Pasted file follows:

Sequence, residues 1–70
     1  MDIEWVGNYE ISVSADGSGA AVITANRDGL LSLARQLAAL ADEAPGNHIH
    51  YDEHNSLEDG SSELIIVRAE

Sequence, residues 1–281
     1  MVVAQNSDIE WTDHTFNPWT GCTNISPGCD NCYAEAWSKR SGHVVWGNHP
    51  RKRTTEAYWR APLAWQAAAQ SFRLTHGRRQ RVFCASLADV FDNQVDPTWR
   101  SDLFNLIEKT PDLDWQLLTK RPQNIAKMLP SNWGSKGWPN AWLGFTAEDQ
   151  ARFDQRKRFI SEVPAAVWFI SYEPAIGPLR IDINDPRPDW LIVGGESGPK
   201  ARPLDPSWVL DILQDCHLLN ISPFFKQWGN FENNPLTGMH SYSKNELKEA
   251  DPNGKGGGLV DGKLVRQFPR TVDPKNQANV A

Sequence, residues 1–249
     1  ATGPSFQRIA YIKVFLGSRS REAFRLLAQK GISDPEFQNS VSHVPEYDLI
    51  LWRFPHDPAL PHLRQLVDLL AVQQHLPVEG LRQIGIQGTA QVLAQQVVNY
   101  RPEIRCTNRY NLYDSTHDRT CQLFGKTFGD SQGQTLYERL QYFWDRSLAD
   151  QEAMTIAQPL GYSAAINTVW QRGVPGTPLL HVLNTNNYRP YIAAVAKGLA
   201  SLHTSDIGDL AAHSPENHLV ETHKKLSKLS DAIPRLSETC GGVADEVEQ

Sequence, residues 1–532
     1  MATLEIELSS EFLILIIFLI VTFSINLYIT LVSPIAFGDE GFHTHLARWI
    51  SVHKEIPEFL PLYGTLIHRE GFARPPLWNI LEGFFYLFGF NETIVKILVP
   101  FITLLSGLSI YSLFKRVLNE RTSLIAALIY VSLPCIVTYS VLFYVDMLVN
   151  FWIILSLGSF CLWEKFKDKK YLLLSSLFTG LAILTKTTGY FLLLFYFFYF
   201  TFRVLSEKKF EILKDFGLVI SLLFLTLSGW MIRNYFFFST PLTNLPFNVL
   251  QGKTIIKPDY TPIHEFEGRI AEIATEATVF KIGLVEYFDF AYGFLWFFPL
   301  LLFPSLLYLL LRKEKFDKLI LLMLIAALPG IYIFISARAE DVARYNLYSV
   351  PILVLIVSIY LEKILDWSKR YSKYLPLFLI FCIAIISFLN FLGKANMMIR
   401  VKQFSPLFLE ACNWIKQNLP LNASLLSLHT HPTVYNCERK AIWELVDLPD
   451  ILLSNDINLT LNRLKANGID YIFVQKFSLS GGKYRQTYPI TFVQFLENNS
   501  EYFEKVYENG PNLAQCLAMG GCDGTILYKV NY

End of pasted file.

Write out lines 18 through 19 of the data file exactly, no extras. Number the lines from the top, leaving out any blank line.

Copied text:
     1  MATLEIELSS EFLILIIFLI VTFSINLYIT LVSPIAFGDE GFHTHLARWI
    51  SVHKEIPEFL PLYGTLIHRE GFARPPLWNI LEGFFYLFGF NETIVKILVP